For Washington, Same-Sex Marriage Was "Worth the Wait"

(AP Photo/The Spokesman-Review, Dan Pelle) COEUR D'ALENE PRESS OUT

Wedding decorations and cookies greet couples entering the Spokane County Auditor's Office to pick up their marriage licenses, Thursday, December 6, 2012, in Spokane, Washington. Two by two, dozens of same-sex couples obtained their marriage licenses in Washington state early Thursday, just hours after Governor Chris Gregoire signed a voter-approved law legalizing gay marriage. 

After waiting for years, even decades, for the right to marry, hundreds of same-sex couples lined up in Seattle on Wednesday night for one last wait.

At 12:01 a.m on Thursday, Washington state’s decision to legalize same-sex marriage—passed by the state legislature in February, blocked by opponents, and then confirmed by citizen referendum in November—went into effect. By that time, the first couple in line for a marriage license had been waiting outside the county Recorder’s Office for eight hours. But for many, that was just the tip of the iceberg.

A few hours before midnight, 186 couples down the line, Marcy Johnsen and Joey Richesson were scribbling a guest list for their upcoming wedding—the third time they’ll confirm their union. The couple, childhood friends who reconnected and fell in love 20 years ago, were among the first to register their domestic partnership when Seattle began offering the opportunity in 1994. “They went to great pains to tell us it meant nothing, legally,” said Richesson. In 2007, when the state of Washington began offering legal domestic partnerships, Johnsen and Richesson were again quick to sign up. But this night felt different: “This time it’s real. That has lots of meaning,” said Johnsen.

As the line inched along, couples told stories of how they met, asked strangers how long they’d been together, shared their disbelief that this day had finally come. People walked along the queue offering hot chocolate, champagne, roses, hand warmers, and Kleenex. “Our first wedding gift!” exclaimed one woman when a worker from a nearby coffee shop offered her a free cup of coffee.

At least two choirs—one impromptu, one affiliated with a local church—regaled the waiting couples. On the cold Seattle night, most people wore coats and scarves; here and there a veil, a tiara, a bow tie. Jake Bartholomy and Justin Goodman, together eight years, wore the outfits they had on at the 200-person wedding they’d held a year-and-a-half earlier. They had planned to wait for legalization, but changed their minds to make sure a parent with Parkinson’s disease could attend the wedding.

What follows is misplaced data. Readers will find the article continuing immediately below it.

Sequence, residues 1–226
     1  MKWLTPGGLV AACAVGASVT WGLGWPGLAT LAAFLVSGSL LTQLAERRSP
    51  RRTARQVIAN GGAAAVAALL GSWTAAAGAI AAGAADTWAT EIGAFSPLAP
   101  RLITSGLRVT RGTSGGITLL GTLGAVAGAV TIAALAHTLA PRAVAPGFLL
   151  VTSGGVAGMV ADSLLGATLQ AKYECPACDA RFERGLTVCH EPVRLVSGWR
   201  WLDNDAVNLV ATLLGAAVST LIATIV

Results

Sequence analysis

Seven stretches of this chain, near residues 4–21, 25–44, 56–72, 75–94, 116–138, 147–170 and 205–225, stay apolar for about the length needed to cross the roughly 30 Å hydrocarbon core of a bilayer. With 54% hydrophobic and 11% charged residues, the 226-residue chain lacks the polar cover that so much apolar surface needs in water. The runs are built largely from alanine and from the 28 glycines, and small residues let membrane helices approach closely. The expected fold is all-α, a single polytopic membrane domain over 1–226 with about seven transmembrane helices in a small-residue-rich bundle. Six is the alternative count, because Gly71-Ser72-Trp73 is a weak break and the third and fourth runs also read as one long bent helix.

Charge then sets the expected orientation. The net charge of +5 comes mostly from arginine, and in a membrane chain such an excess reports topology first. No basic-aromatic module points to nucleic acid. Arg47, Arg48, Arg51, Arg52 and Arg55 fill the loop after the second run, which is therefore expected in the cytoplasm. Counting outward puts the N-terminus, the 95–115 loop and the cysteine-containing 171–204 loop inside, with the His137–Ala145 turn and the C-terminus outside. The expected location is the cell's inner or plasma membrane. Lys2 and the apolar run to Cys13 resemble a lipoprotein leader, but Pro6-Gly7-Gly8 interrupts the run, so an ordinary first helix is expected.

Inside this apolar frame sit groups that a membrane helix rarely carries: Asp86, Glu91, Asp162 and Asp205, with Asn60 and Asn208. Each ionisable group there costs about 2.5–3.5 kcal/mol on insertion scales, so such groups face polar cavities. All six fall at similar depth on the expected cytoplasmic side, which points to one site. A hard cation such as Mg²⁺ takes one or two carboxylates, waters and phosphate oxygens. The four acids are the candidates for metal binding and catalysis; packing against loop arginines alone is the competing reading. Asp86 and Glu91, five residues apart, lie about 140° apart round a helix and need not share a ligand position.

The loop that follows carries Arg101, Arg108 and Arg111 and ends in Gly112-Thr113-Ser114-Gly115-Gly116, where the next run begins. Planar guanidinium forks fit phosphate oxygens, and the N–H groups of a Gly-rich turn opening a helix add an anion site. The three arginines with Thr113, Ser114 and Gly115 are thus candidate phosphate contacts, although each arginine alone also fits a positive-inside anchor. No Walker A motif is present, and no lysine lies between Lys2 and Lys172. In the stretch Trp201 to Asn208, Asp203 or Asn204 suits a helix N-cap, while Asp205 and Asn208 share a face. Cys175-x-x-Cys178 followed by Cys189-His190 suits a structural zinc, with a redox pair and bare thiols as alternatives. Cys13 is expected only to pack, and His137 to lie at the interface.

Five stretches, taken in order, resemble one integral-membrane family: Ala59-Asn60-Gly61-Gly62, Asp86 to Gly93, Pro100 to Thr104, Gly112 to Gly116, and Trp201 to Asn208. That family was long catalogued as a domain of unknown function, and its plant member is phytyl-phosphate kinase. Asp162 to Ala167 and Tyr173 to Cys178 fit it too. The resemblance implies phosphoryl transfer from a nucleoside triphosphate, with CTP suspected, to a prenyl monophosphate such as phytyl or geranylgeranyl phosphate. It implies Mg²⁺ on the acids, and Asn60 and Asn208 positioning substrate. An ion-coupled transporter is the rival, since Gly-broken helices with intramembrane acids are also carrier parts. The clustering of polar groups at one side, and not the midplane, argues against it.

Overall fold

Just before midnight, the crowd began to count down the seconds. Then a cheer erupted and the first couples started streaming into the building. Clustered around the entrance, people began to sing, “Amen.”

All this, said King County Executive Dow Constantine, is the reason the county decided to start issuing licenses at midnight instead of its usual 8:30 a.m. opening time. “It’s important to have a celebration. It’s important that couples not have to wait another night after having waited so long,” he said. In addition, the county needed to prepare for the sudden release of long pent-up demand: “We’re staffed to meet a certain level. Suddenly having hundreds and hundreds of requests for marriage licenses would bog down the entire system.”

County employees and other community members volunteered to work through the night to accommodate the rush. By 3:30 a.m., the county had already beaten its record for the number of licenses issued on a single day. The office planned to stay open another 15 hours, and keep extended hours through the weekend.

Washington law requires a three-day wait between getting a marriage license and getting married; when the first weddings take place on Sunday, Washington will become the first state in the country to offer same-sex marriage as a result of a victory at the ballot box. (Maine and Maryland voters also approved same-sex marriage in November, but marriages won’t be available until December 29 and January 1, respectively).

After receiving their marriage licenses, couples exiting the building found a cheering crowd waiting for them. The applause was particularly loud for Jane Abbott Lighty, 77, and Pete-e Peterson, 85, who appeared in ads promoting the referendum and were chosen to be the first couple to have their license signed. After 35 years together, they will be married on Sunday during a concert at Seattle’s grand Benaroya Hall.

Many couples I spoke to noted the progress that still needs to happen in other states and at the federal level, where the Defense of Marriage Act still defines marriage as between a man and a woman. For others, after long relationships, this milestone felt more political than personal. “This isn’t what seals the deal,” said Erin Foy, who’s been with her partner Jean Hernandez for 16 years. “The deal was sealed a long time ago. This is a symbol of a wall coming down.”

For Johnsen, the night felt like an affirmation. “When I was 15 years old, I thought my girlfriend and I were the only two people like us in the whole world. Now there are thousands, millions of us. And now we’re just like everybody else.”

“It’s long overdue. But it’s worth the wait.”

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